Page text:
Artists' final work before death can be telling. For instance, Georgia O'Keeffe's last painting The Beyond offers a black sea under a night sky streaked with bright white light, the kind that people with near-death-experience describe. It's as if she were thinking of what comes next after her passing. In a similar way, a vision from Edward Hopper made at the close of his life - 'Two Comedians,' now showing at the Currier Museum of Art in Manchester, N.H, - is also telling. Like all his work, this one speaks of doom and gloom.

Taking a dim view

What you see in 'Two Comedians' is the artist and his wife – both ailing octogenarians - taking a bow on a darkened stage in clown outfits. The surrounding black-shaded emptiness suggests that for the Hoppers, “the beyond” doesn't exist. This makes 'Two Comedians' a kind of continuation of his better-known work, Nighthawks. The couple is also in this picture, which depicts a handful of people hunched over a counter in a diner late at night. The painting is universally viewed by art critics (me, included) as a portrait of alienation in modern America. Not just critics think this.

Say what?

Representing the doom and gloom view of Hopper's work is singer/songwriter Tom Waits warbling in his album Nighthawks at the Diner the song “Warm Beer and Cold Women.” And novelist Joyce Carol Oates was so taken by the sadness she saw in the painting that she penned a poem pondering what was going on in the head of the lone woman in the picture, concluding she was “thinking that her companion has finally left his wife but can she trust him.”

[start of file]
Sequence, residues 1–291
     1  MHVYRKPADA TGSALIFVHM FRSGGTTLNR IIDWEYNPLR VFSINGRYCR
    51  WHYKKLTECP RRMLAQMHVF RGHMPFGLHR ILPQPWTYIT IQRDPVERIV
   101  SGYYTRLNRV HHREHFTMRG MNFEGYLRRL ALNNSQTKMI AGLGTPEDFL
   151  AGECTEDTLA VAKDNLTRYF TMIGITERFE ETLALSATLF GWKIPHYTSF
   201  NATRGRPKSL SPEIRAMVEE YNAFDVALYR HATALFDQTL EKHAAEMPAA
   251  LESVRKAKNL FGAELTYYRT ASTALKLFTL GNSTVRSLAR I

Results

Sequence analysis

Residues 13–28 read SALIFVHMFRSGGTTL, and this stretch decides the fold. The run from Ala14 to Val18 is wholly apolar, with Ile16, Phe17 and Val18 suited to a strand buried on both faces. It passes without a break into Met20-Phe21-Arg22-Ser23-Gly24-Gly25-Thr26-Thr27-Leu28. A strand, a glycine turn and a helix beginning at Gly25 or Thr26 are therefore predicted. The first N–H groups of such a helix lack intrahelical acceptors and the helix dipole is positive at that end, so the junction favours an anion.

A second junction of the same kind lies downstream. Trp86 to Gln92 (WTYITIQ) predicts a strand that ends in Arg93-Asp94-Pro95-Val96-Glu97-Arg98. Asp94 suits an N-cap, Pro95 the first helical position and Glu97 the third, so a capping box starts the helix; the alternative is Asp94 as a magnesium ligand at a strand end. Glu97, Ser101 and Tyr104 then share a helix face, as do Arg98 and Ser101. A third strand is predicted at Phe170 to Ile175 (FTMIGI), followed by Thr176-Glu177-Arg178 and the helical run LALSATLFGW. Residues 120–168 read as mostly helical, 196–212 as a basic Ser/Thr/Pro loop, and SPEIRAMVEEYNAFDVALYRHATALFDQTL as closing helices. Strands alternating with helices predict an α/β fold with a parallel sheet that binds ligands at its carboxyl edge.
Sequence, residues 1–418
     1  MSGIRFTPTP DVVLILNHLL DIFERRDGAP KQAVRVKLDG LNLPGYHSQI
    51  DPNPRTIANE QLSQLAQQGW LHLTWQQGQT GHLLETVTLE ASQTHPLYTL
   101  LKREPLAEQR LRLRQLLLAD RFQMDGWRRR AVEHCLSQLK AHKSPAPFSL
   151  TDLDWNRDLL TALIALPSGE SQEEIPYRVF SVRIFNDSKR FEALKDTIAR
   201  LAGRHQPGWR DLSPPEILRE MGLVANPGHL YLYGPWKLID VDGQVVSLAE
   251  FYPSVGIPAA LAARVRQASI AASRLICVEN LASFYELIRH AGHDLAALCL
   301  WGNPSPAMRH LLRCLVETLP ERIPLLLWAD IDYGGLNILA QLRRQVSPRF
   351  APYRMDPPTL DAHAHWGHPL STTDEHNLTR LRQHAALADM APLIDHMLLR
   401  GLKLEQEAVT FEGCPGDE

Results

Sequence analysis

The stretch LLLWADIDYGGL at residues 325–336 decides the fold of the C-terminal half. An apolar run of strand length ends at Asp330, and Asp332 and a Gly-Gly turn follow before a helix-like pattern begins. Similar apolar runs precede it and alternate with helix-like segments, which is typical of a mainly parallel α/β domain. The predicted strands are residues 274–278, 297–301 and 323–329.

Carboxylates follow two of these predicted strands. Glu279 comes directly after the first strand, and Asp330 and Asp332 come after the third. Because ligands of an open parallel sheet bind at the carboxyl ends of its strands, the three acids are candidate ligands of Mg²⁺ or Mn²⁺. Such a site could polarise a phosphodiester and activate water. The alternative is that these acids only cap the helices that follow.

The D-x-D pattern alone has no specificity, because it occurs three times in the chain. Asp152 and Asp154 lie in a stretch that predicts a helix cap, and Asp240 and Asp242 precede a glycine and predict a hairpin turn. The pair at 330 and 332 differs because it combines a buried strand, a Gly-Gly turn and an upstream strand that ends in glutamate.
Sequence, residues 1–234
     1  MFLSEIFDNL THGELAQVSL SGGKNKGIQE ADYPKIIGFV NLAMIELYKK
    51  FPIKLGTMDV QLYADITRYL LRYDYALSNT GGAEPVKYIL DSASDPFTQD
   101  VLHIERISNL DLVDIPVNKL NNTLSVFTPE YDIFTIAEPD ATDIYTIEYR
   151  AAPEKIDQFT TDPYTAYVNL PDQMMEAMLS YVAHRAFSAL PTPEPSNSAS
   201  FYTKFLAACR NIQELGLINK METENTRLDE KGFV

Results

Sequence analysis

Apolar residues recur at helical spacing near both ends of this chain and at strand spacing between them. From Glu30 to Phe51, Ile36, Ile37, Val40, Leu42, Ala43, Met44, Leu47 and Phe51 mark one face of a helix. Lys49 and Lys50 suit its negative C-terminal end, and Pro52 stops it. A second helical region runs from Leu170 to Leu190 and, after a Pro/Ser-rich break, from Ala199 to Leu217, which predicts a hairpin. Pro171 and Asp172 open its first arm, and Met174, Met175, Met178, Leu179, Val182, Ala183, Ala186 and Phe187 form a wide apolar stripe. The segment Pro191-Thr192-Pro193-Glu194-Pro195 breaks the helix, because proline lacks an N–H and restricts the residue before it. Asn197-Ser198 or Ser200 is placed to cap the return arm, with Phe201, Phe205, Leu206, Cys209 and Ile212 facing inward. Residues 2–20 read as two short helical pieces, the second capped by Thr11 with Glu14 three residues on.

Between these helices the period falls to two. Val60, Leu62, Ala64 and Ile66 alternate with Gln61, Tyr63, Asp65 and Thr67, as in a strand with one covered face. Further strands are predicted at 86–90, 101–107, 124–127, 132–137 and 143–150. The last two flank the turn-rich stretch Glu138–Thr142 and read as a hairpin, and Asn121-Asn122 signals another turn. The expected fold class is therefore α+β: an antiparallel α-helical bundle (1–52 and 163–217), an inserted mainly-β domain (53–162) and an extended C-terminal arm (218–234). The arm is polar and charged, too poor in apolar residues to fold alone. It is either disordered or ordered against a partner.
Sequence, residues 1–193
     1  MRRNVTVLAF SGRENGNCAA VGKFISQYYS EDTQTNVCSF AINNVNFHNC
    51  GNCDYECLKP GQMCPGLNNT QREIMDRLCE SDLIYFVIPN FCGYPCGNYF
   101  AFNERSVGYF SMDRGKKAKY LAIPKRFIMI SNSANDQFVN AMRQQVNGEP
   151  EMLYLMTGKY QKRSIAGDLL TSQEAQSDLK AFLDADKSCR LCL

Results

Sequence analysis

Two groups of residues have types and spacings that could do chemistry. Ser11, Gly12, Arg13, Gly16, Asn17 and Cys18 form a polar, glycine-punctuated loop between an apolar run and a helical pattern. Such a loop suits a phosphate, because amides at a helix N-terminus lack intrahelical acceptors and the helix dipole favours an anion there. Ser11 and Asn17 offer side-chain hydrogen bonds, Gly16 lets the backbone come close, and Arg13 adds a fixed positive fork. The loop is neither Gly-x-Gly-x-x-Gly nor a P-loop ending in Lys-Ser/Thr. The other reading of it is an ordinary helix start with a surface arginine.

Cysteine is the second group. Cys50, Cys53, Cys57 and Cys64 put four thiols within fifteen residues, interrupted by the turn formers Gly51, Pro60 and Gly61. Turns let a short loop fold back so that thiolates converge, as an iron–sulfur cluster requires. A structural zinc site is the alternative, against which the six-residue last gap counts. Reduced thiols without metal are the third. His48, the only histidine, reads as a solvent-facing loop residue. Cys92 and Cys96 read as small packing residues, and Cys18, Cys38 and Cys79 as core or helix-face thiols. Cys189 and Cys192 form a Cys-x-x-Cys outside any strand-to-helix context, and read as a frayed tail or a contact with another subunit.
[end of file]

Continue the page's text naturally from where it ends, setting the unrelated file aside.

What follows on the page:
Second opinion

The interpretations from Waits and Oates seem to be more about them than some sociological statement by Hopper. Granted his figures look forlorn, but an anecdote in a biography of him by Gail Levin has me thinking there's another way to understand his work, why, for instance, he favored so much black over color in his pictures.

The anecdote prompts the thought that his palette reflected an innate melancholy, and not modern America's state of mind. When Hopper visited the colorful countryside of New Mexico he became “bewildered, disoriented, and unable to paint. He wandered for days looking for something; Then he found an abandoned locomotive.”

Is 'Two Comedians' a sick joke?

Did you get that? In picturesque New Mexico, he chose to paint a discarded iron horse.

He chose to paint junk. Now take a second look at 'Two Comedians.' According to the Currier Museu of Art, the Hopper's are standing on a stage. But in the dark, without any sign of a theatrical setting, their bowing takes on the look of them readying to jump off a roof into the blackness of night? Clearly, Hopper had a dark side that had nothing to do with the world around him.

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